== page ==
Portable Detection of Algal Toxins Using a Surface Plasmon Resonance (SPR) Fiber Optic Probe Coated With a Molecular Imprinted PolymerEPA Contract Number: EPD04035
Title: Portable Detection of Algal Toxins Using a Surface Plasmon Resonance (SPR) Fiber Optic Probe Coated With a Molecular Imprinted Polymer
Investigators: Fleming, Kala K.
Small Business: Excite Optics Corporation
EPA Contact: Manager, SBIR Program
Project Period: March 1, 2004 through August 31, 2004
Project Amount: $69,966
RFA: Small Business Innovation Research (SBIR) - Phase I (2004) RFA Text | Recipients Lists
Research Category: Drinking Water , SBIR - Water and Wastewater , Small Business Innovation Research (SBIR)
Algal blooms, caused by cyanobacteria, are increasing in frequency, duration, geographic extent, and severity in the coastal and freshwater ecosystems of the United States and other countries. One-third of the 50 genera of cyanobacteria can produce toxins and approximately 60 percent of these are toxic. Because these toxins represent a significant hazard to humans, livestock, and wildlife, it is essential that their concentrations in raw surface waters and finished waters be routinely quantified.
High performance liquid chromatography-based methods for detecting algal toxins generally are complex, expensive, and time consuming because the analyses cannot be done onsite. Although simpler screening methods, such as enzyme-linked immunosorbent assay, sometimes are quite sensitive, they tend to lack specificity. Thus, there is a need for a monitoring system that is field deployable, inexpensive, highly specific to single toxins, and has the capacity for a high throughput of samples.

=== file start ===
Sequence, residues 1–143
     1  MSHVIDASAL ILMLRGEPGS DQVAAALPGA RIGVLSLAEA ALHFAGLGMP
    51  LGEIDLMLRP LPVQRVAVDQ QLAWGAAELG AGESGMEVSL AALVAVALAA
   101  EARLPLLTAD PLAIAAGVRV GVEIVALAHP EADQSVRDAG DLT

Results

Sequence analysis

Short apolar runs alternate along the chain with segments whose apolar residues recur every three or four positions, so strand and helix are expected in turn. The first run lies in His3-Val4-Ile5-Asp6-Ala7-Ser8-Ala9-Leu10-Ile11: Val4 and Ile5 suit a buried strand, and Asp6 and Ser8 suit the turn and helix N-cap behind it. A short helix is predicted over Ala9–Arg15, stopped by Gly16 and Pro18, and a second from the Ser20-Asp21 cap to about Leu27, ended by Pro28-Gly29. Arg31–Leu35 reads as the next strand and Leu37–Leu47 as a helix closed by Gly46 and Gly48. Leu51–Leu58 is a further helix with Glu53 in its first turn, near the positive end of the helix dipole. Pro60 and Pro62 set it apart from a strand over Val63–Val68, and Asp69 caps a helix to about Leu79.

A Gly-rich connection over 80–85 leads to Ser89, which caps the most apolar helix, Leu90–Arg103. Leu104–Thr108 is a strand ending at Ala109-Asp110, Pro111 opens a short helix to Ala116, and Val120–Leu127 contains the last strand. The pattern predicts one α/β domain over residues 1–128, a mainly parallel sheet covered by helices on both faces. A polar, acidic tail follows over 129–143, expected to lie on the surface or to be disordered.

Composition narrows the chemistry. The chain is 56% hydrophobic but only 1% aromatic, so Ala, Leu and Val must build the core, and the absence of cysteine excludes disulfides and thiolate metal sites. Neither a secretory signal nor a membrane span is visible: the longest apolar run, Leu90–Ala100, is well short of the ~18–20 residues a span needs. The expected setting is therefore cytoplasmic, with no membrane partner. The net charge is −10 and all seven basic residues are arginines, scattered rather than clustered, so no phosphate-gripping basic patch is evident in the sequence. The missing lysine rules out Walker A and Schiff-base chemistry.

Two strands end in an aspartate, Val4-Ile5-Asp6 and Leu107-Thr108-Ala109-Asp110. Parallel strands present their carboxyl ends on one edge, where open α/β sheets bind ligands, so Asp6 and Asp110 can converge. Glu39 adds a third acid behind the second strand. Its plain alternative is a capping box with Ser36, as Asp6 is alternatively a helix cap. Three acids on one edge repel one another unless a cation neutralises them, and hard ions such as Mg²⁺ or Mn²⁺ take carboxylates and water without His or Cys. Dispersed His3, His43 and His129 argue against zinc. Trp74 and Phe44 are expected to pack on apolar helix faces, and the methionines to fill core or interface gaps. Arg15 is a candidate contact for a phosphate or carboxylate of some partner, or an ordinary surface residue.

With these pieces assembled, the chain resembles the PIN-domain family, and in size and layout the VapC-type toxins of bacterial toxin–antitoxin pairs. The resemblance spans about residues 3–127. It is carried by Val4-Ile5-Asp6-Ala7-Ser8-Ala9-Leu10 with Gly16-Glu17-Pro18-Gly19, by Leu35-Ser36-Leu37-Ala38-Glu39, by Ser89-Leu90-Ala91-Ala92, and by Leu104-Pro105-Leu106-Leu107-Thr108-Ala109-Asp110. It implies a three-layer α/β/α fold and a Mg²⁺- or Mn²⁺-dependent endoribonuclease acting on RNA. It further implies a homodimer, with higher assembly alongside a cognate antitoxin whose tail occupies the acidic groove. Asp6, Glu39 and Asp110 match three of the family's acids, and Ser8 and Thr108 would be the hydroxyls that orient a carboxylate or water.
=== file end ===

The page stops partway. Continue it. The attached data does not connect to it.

The goal of this Phase I research project is to systematically develop a surface plasmon resonance (SPR) fiber optic probe coated with a molecularly imprinted polymer (MIP) that will provide fast, simple, and sensitive detection of microcystin-LR. Phase I objectives are to: (1) synthesize molecularly imprinted thin films specific to microcystin-LR on gold-coated SPR probes; (2) integrate the SPR probes into an existing fiber optic detection scheme to create a system for the robust measurement of microcystin-LR; and (3) evaluate the specificity and sensitivity of the integrated SPR system for the detection of microcystin-LR in raw, tap, and deionized water at different pH values.
The demonstration of this MIP technology in Phase I, combined with the fiber optic detection scheme, will validate a new detection platform for algal toxins. Dual objectives in Phase II then will become possible. These include: (1) development of additional MIP layers measuring a wider class of toxins, and (2) scale up to production for the specific probes and the spectroscopic monitoring systems.